Rhoda Alexander

Computerworld — Spending $150 to $200 on a tablet won't get you much these days: In most cases, you're looking at an off-brand Android product with a single-core processor, barely any RAM and a low-resolution, low-quality display. Depending on the device, you might not even have access to Google's app market or other basic services — and while that approach may work with retailer-backed, limited-use products like Amazon's Kindle Fire, when it comes to more traditional Android tablets, it doesn't usually lead to the best user experience. It's a stark contrast from what you get at the high end

Amazon’s Kindle Fire has certainly proved a strong contender in the tablet market, but the iPad is still winning in that arena. For Apple’s fourth quarter, though, the iPad’s stiffest competition was actually its sibling, the iPhone. In the last three months of 2011, Apple shipped 15.4 million iPads and iPad 2s, according to IHS. During that same period, Apple slipped from 64% of the global media market to 57%.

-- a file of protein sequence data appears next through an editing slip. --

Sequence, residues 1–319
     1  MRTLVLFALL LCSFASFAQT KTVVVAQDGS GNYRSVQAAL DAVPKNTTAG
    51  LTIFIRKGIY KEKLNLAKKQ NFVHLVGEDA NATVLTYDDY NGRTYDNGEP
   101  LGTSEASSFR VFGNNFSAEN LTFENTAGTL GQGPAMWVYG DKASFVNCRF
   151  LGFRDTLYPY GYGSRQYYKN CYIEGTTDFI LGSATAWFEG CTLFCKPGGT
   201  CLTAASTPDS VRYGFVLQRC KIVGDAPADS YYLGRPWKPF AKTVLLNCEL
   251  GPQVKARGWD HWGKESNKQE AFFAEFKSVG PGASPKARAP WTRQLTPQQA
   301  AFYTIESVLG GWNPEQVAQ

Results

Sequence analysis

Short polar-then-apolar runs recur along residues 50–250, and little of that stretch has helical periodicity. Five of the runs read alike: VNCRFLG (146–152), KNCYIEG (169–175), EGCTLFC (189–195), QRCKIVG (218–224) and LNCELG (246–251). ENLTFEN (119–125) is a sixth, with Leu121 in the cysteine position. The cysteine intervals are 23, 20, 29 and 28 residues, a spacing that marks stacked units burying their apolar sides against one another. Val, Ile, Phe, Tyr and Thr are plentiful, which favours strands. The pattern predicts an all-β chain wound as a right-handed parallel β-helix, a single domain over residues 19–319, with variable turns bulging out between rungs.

The Kindle Fire has proven to be an instant hit. (Credit: Sarah Tew/CNET) Well, it certainly didn't take long for Amazon's Kindle Fire to bring the heat. After only two weeks in the market, the Kindle Fire has skyrocketed ahead of many of its tablet competitors, according to IHS iSuppli. The firm is so confident in the Kindle Fire's success, that is already projecting it as the second-most popular tablet in the world, behind only Apple's iPad. The success of the Kindle Fire answers what had been a lingering question about the tablet business: whether consumers wanted tablets, or

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